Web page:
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Joseph Beuys

Fake Beuys drawings scandal in officially sponsored exhibition at Accademia di Brera

Thirty-eight works impounded while court searches for a reliable expert

In 1974 the art critic Thomas Hess proclaimed "The Germans are coming! The Germans are coming!" in New York magazine. Since then, the German presence has made itself progressively felt in the US and in Europe as art follows power, and Germany counts for more on the international scene now than at any time since the last war. Germany's most influential post-war artist, Joseph Beuys, is part of the current exhibition round; he has his token representation in international museums, and his following of collectors. There is, for example, the sculpture exhibition "Joseph Beuys; the revolution is us" at the Tate Gallery, Liverpool, until 3 January 1994, and a group of his drawings is touring America (Museum of Contemporary Art, Los Angeles, until 15 August). In 1991, the Tate Gallery in London bought his room installation, "The end of the twentieth century".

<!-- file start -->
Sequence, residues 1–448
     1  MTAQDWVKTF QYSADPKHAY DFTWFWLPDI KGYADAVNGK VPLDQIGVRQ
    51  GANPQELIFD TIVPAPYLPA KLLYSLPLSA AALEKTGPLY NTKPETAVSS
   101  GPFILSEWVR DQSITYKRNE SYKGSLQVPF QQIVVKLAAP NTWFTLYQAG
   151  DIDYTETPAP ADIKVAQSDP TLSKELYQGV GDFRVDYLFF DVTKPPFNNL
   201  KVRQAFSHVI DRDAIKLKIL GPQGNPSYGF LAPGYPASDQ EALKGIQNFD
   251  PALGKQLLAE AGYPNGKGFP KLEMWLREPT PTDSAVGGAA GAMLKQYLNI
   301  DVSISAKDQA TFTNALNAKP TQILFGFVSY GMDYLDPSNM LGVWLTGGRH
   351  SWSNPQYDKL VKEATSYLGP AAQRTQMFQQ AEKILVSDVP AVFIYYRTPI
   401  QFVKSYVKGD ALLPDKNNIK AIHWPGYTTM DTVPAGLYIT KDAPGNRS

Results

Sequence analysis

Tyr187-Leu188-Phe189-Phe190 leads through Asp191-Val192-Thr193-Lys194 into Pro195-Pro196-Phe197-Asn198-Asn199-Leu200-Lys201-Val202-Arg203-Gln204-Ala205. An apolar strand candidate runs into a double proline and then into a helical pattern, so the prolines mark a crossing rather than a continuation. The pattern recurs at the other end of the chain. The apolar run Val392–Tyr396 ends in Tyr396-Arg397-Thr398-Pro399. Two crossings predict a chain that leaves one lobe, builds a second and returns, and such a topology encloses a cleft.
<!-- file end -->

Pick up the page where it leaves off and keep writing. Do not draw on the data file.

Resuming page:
This artist/philosopher, who died in 1986, is revered as a classic in his own country, and public funds are poured out unhesitatingly to secure his major installations for public collections: in 1988/89, DM16 million was paid for the group of objects in Darmstadt, and in January this year, DM 16.5 (£6.6 million, $9.9 million) for another group in the Neue Galerie in Kassel, which consists of a beaten-up VW bus pulling twenty-four sleds, each with its roll of felt.